I would find it hard to believe that the amount of viewer contact that you've received on this isn't far higher than what you usually receive, so please, do the right thing by your viewers.

James Snyder, Portland, OR

Critics Are Flat-Out Wrong, says Tilly

Grace Tilly has strongly denied these interpretations in many postings she has made responding to comments on the PBS NewsHour website under the story by Elizabeth Summers that was posted just before the program aired on television. Here is some of what Tilly said. She goes into more detail in other responses.

“My tattoo is and will always be taken way out of context and I wouldn’t expect close minded individuals to understand why I put that tattoo on my hand where everyone can see it. It is Odin’s eye and means protection to me and it is religious, it is not my fault that certain people use it in a negative manner and for the wrong reasons. You should quit quoting the first thing that pops up on Google and reeducate yourself before you go on blabbering about something that you actually don’t have an effing clue about.”

She also said: “I got my tattoos because I know what they mean to me…and didn't let someone's misguided opinion, someone who frankly doesn't matter to me keep me from getting them. If you actually wanted to have any intelligent conversation I would welcome it, but unless you truly know me you shouldn't spew bs like that.”

And the NewsHour, in its initial editor’s note, said: “In this case, a debate about Grace Tilly’s tattoos has started online. As you can see in the comments section posted with this story, Ms. Tilly argues that these tattoos are not representative of neo-Nazi positions but are connected to her family’s Celtic religious beliefs. That is what she told our producers as well. Others among our online commenters vehemently disagree.”

My Thoughts

I have no way to know what is in Grace Tilly’s head, other than what she has now said, with respect to the tattoos and what they are intended to mean. But I am interested in how this segment was handled. With respect to the NewsHour statement above, I asked the executive producer a number of questions, including when did Tilly tell the producers that these tattoos are connected to her family’s Celtic religious beliefs. Was it before or after the segment aired and did anyone actually ask her about the tattoos before the broadcast? Did anyone have an understanding before the broadcast that these supposedly had another meaning?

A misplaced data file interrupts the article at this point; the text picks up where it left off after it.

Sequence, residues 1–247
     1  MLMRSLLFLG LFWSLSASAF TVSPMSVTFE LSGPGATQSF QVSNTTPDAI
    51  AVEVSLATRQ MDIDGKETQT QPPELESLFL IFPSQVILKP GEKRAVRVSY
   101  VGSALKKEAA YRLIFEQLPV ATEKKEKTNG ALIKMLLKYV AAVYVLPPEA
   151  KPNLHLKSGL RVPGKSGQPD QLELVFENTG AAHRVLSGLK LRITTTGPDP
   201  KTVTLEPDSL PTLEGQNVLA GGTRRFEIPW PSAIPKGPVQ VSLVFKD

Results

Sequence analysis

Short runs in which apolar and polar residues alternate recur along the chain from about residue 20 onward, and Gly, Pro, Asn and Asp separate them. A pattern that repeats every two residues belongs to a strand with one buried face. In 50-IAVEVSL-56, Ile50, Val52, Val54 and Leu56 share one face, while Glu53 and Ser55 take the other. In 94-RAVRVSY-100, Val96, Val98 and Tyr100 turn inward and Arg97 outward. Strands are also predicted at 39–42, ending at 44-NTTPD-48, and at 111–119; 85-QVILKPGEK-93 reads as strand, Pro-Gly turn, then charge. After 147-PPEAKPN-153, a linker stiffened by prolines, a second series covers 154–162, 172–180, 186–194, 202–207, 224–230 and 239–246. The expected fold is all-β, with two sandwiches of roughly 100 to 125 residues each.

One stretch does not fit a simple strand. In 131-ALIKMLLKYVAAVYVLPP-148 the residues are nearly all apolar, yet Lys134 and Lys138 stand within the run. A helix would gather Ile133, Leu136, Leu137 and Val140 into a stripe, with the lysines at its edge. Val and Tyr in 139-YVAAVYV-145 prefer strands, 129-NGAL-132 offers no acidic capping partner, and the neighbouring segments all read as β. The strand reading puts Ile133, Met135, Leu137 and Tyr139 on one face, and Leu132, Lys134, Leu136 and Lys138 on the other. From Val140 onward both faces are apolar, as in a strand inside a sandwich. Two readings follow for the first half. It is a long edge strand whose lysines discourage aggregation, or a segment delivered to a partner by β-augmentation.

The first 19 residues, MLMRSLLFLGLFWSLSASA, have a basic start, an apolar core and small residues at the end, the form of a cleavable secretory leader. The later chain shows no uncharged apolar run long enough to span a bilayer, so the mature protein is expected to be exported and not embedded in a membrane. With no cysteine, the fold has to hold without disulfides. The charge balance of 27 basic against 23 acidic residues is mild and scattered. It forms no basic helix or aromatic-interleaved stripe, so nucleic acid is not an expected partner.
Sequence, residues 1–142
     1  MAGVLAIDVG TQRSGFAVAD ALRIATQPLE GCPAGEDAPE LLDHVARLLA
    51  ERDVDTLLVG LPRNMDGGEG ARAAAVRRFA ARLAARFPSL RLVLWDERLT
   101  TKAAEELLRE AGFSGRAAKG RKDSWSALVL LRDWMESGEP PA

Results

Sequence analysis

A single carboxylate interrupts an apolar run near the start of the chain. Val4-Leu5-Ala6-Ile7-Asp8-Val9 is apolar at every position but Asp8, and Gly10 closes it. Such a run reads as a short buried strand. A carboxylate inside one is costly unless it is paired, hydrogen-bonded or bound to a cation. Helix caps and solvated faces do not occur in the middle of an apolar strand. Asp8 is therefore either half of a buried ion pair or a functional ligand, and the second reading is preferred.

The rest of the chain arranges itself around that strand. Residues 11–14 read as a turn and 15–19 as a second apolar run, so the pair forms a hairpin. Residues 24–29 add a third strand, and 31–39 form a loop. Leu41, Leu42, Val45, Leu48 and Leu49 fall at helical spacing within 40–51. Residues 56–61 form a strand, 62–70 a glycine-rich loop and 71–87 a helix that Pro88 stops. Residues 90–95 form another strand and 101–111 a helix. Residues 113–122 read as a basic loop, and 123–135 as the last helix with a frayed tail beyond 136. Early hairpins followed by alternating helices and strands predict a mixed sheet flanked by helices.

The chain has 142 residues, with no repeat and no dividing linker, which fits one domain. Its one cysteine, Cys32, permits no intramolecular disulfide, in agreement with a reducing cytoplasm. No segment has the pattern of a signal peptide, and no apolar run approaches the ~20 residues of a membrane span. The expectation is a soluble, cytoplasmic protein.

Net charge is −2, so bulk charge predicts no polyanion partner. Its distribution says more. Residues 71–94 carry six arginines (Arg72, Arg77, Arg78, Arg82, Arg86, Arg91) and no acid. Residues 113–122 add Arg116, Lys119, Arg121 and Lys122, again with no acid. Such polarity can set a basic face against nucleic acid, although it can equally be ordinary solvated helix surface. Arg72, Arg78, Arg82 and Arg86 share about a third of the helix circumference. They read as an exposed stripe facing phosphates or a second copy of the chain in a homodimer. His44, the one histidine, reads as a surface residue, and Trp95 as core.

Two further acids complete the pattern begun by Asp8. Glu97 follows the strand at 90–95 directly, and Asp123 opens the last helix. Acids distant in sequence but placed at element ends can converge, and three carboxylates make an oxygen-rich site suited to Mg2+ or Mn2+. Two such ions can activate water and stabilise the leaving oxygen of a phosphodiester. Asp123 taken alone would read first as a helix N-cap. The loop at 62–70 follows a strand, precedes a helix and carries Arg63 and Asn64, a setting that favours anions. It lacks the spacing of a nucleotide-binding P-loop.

Later today, the NewsHour posted this new editor's note on its site and also read it on the air near the end of the program this evening:

In our report Tuesday night on a North Carolina family that’s supporting Donald Trump, we were continuing a long NewsHour tradition of talking directly to voters.

We want to hear from them, in their own voices, speaking about what motivates their political preferences.

Regrettably, none of us at the NewsHour recognized the questions that could arise from Grace Tilly’s tattoos, and we didn’t raise them with her until after the report aired. At that point, our producer contacted Ms. Tilly and she insisted the tattoos are religious in nature and have nothing to do with a neo-Nazi theme or white supremacy.

We referenced her comments in an editor’s note, posted on our website.

Many of our online commenters have since let us know they reject that explanation. We’re now posting this note as a follow up.

We at the NewsHour remain committed to being as transparent as possible in covering this election.

My point here, and now, is not to criticize the NewsHour for this segment, which, as I said, I thought was definitely worthwhile. And, again, I say that without any understanding of the tattoos' meaning except that they were very obvious. But if the NewsHour understood more than I did as a viewer, it would have been proper, indeed incumbent upon them, in my view, to illuminate the viewers. I thought the Post’s Erik Wemple put it best: “To the point about the absence of reportorial narration in the story: That’s true, but the statements of the Tillys in the story are clearly responding to questions from PBS. Why not just include a response to the question: ‘What’s up with your tattoos?’”

Posted on March 17, 2016 at 7:07 p.m.

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As ombudsman, Michael Getler serves as an independent internal critic within PBS. He reviews commentary and criticism from viewers and seeks to ensure that PBS upholds its own standards of editorial integrity. Read More >